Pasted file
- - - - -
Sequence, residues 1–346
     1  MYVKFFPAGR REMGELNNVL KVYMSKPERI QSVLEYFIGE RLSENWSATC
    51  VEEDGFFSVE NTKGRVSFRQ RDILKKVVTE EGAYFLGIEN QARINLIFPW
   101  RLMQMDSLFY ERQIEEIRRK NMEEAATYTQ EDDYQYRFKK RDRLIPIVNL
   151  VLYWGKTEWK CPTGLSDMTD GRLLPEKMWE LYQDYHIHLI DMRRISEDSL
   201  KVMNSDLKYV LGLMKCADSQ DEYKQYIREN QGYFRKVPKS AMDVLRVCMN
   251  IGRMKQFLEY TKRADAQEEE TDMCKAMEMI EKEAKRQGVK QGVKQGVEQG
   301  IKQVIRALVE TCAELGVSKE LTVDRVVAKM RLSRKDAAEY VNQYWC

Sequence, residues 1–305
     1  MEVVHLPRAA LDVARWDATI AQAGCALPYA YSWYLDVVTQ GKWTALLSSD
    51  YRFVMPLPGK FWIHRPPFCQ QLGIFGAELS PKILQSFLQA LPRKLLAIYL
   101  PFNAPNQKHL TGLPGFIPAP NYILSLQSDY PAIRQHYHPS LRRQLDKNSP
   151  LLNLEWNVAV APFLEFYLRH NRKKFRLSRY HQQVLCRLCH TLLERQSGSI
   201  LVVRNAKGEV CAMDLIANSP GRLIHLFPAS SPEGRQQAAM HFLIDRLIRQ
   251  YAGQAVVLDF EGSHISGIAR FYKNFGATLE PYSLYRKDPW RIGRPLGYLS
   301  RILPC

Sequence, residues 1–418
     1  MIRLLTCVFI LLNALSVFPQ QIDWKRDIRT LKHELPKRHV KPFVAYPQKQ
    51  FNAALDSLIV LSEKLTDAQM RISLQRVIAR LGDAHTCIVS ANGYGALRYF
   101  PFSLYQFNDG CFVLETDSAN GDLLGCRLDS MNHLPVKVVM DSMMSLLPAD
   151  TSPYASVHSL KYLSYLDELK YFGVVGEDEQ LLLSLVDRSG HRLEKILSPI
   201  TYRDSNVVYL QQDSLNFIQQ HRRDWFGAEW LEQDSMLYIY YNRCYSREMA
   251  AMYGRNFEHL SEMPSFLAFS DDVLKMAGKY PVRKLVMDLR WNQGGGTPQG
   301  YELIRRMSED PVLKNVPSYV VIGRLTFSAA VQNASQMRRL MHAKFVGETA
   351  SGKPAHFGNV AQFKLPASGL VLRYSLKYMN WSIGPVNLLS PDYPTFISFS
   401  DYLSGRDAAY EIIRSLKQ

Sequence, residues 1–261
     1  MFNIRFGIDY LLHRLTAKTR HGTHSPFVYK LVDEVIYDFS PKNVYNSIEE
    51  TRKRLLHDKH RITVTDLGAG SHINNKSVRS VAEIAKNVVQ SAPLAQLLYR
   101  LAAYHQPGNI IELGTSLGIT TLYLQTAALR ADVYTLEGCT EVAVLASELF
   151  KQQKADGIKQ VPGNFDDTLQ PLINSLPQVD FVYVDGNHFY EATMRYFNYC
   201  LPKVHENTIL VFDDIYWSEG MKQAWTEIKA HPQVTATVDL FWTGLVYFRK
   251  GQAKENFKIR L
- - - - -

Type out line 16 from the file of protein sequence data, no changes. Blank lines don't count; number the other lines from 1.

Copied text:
   301  RILPC